“We’ve lost all contact
All connections are cut”
From “Situation on Mars” by Swing Kids
Community is like a blanket. It can either be warm and comforting or too hot and smothering, depending on how it’s used.
Unfortunately, sometimes it’s both. One of the most difficult issues to navigate in building our social support system is finding people who not only love us as we are now, but also as we change and evolve. Often, people love and support us initially, but become displeased when we change and grow.
The rarity of developing such a nurturing and evolving community makes the accomplishment of Justin Pearson in building Three One G Records even more impressive and inspiring. Pearson formed Three One G twenty-five years ago, and with over 100 releases, it has supported eclectic and innovative artists across a range of genres, from the grindcore of The Locust, to the extreme metal of Cattle Decapitation to the Hip Hop vibe of Planet B, to the spoken word of Adam Gnade to incendiary hardcore band Deaf Club.
As Pearson tells it, he had one main goal in mind – to build a community around constantly evolving art.
One could argue that the seed for this drive started for Pearson at a Fugazi concert. While he was thrilled to see Fugazi as well as Fishwife and Pitchfork, he was disturbed at how the audience was yelling to hear Minor Threat songs. “I was just like this is a bummer and I remember Ian said, ‘Look man if you want to hear those f*cking Minor Threat songs, leave right now and go home and listen to it on your record player.’ And then I was like holy sh*t this guy was the coolest dude ever,” Pearson told me. “I was like, OK there’s something way cooler happening that I just wasn’t aware of. Yeah Darby Crash is rad and sh*t – but it’s starting to be the ‘90s and it’s time to move on to this other thing. And it was like an evolution, and people resisted that. A lot of people were like we want punk rock. And punk rock was f*cking done. It was like let’s move on to something cooler, more innovative, more musically relevant … and that was Fugazi.”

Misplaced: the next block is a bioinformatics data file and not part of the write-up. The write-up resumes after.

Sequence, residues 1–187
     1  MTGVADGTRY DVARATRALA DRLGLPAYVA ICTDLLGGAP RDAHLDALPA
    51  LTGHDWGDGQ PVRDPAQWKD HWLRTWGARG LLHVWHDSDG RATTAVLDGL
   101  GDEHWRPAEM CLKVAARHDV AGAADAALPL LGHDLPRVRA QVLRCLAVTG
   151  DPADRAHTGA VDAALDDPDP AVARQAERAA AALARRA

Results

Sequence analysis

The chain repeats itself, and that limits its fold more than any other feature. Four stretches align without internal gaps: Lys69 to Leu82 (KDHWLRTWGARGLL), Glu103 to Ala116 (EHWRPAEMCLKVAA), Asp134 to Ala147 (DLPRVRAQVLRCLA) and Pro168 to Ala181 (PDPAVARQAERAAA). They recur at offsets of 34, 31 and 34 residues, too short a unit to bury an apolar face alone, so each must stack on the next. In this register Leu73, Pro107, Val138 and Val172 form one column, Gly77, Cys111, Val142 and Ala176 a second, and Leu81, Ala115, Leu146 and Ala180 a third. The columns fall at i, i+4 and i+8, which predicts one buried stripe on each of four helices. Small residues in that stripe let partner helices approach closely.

As Pearson began his own music career in San Diego, his experience at the Fugazi show contributed to his emphasis on building a community who supported innovation. “I think San Diego is totally conservative and not that welcoming for the arts. So that forces everyone here to think differently and think outside the box. How can we do an event? OK, let’s put on a show in a sewer. Let’s do a show on the top of a parking structure or in someone’s living room,” Pearson told me. “We were like, we’re going to find another way to get from point A to Point B and in that route we’re going to detour over here and make it super f*cked up and hit everyone harder at the endgame.”